On my return from agricultural college following the unexpected death of my father, the old lady (whose personal habits and hygiene had always been questionable but now resembled those of an incontinent ferret) announced that I had been chosen to succeed the dead ‘Man’. Since Roger, my stepbrother, was of her blood, I felt the honour should go to him but Granny muttered that the boy was a moron who couldn’t find his own arse with a road map and a flash-light. She wasn’t, she added, having that sort of person messing up a hundred years of tradition. Despite her unprepossessing appearance, Granny was (and is still) not a force to be trifled with, as many of her neighbours have discovered to their cost. Mine was not to refuse.
Our Coven at present numbers the traditional thirteen although we have, in the past, had many more and often many less. Apart from my wife, Gabrielle, who serves as Dame and myself, there are our children, Richard and Philly, who are currently trekking around India during their gap year from university. (The Old Witch saw to it that they were introduced to the Old Ways at a very early age, even though I threatened to personally strangle her when I found out.) Guy and Gerry run the esoteric shop cum art gallery in the town centre and serve as our specialists in herb-lore. Priscilla and Adam at Bramble Cottage who, apart from keeping everyone supplied with honey and helping out with the livery stables, act as the Coven’s instructors. Then there’s Helena, our seer and diviner, whose jams and preserves are legendary within WI circles – but unlike Granny, hers is a tranquil madness.
Newcomers to the town, Madeleine and Robert were discovered like rare blossoms at a pub moot when Pris and Adam were forced to attend, due to Roger’s emergency hospitalization for haemorrhoids. (Granny unsympathetically observed that the doctors had obviously found a way to shut his mouth and give his arse a chance!) There’s Gordon, our stable ‘lad’ – an absolute marvel at animal healing and, finally, of course, there’s Granny herself.
Our real difficulties arise from Roger who, despite his grandmother’s unflattering pronouncement, formed his own coven in a neighbouring village. This means that Granny migrates between the two and although she disapproves of Roger’s modern approach (i.e. to let anyone and everyone ‘have a crack at the priesthood’) she spends most of her time with his group keeping an eye on things. ‘In case the daft bugger goes and kills somebody!’ The Old Witch also enjoys the atmosphere of seething hostility because Roger’s High Priestess is not his wife, and his wife disapproves of the one he’s chosen – for obvious reasons. Granny, of course, encourages Roger’s extra marital activities, and since Roger will roger anything with a pulse … well … the added spice (for Granny at least) is the fact that Roger’s brother-in-law is also the local vicar!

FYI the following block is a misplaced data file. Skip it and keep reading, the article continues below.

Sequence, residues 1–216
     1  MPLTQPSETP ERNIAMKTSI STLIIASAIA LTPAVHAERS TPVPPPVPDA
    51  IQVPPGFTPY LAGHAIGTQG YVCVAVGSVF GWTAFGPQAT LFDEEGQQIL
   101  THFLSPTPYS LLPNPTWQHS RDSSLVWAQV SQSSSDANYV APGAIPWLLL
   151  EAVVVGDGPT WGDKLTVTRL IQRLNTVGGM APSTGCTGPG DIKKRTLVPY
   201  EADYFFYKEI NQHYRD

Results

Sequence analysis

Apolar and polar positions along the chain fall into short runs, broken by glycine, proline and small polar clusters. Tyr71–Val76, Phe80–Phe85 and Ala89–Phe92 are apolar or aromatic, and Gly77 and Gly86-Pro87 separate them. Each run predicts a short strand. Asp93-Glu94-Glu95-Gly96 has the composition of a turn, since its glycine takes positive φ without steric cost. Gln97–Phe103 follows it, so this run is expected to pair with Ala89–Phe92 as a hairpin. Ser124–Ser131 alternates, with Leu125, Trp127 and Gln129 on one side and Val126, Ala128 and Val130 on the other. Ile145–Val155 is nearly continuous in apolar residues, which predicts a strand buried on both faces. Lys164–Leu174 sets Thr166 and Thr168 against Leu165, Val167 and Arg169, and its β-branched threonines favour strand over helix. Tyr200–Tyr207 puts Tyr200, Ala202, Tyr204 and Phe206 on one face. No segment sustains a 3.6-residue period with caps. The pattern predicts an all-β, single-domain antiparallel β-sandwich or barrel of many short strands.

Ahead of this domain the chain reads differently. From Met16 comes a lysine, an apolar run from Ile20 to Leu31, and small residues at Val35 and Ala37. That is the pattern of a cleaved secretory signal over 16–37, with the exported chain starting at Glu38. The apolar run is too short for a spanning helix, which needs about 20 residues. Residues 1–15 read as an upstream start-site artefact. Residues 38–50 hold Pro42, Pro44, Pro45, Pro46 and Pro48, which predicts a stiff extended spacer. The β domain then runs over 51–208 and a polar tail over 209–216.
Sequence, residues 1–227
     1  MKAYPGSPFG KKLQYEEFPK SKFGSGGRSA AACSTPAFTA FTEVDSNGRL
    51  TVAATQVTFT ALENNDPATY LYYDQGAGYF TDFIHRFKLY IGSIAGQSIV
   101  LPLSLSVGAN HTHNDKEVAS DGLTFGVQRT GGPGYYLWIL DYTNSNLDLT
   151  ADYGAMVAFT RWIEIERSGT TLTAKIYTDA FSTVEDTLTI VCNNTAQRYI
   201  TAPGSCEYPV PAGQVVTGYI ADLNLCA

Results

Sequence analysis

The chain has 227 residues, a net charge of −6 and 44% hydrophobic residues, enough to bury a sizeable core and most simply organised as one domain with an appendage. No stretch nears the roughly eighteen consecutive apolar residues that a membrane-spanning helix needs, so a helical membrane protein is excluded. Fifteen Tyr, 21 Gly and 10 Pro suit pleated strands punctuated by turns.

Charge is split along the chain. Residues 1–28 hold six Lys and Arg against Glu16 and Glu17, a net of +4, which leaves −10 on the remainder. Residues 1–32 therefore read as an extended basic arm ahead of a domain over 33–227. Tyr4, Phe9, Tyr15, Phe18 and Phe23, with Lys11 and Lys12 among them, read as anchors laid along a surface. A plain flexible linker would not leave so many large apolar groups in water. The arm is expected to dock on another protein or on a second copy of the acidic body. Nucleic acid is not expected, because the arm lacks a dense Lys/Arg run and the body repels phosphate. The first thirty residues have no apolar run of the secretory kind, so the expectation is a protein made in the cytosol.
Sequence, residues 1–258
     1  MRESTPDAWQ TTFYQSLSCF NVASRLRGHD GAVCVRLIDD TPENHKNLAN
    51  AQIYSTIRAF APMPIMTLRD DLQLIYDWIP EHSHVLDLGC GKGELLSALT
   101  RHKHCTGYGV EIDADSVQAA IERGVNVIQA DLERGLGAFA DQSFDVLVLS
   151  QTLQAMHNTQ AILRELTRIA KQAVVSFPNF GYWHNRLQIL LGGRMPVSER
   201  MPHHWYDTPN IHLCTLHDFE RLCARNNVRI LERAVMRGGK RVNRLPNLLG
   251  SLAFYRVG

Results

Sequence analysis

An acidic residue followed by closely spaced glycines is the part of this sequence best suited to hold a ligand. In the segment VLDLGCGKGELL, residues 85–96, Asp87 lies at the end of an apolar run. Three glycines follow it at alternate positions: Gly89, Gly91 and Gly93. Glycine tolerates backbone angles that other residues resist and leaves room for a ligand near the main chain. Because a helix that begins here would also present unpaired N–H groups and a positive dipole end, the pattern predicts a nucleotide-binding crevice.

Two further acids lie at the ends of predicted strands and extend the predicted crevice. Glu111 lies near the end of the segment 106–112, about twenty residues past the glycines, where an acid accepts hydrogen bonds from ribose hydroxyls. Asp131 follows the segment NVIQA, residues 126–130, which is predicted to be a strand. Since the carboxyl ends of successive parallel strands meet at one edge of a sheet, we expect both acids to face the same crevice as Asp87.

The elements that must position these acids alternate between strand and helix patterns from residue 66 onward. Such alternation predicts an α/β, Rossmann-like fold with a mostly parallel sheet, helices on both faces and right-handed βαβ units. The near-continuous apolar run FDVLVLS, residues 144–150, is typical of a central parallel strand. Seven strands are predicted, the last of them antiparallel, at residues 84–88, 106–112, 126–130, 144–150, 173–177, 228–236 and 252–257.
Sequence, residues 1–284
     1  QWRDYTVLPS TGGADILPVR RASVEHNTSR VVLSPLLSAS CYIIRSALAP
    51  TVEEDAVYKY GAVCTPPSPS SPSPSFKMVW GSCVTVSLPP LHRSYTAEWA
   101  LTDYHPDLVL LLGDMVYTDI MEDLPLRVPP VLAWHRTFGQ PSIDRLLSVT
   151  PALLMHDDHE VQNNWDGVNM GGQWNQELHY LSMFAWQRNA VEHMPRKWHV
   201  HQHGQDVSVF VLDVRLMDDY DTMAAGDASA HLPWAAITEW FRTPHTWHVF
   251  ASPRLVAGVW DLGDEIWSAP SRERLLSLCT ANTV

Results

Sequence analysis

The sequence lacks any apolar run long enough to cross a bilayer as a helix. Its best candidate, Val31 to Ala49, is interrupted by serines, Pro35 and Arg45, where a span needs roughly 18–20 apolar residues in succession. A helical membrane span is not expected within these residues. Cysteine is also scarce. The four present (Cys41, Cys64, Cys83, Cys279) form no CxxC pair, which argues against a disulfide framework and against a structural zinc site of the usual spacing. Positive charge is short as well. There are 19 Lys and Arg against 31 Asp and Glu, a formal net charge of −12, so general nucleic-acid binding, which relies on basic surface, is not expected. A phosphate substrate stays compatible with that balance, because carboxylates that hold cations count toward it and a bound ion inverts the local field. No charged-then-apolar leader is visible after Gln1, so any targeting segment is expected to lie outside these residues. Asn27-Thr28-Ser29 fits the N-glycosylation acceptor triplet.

Although preferring to remain ‘private’, we do not work in isolation and are regularly in contact with other Old Crafters all over Britain. Because of my step-brother’s more liberal approach to craft-working on our doorstep, the members of the Coven felt that we should become more aware of what was going on in what is generally referred to as the ‘pagan scene’ at a more local level. Admittedly in doing so, we have added two new and valuable members to our group – so the effort was worthwhile.
Nevertheless, while we prefer not joining anything on a regular basis, we do make an effort to interact with the various goings-on in the area. This book is the result of the many conversations we’ve have, scenes we’ve witnessed, gossip we’ve exchanged and the experiences we’ve undergone, all in the name of Old Craft.
The names of the Coven members are those by which they have chosen to be known for the purpose of the book, for our true identities are no concern of anybody but our own. Neither will you find us in the telephone directory for we prefer not have our lives disrupted by the idly curious. Those who wish to have an understanding of our ways will seek us out when their time is right …
You can view The Coarse Witchcraft Trilogy on Amazon. The series is published by Moon Books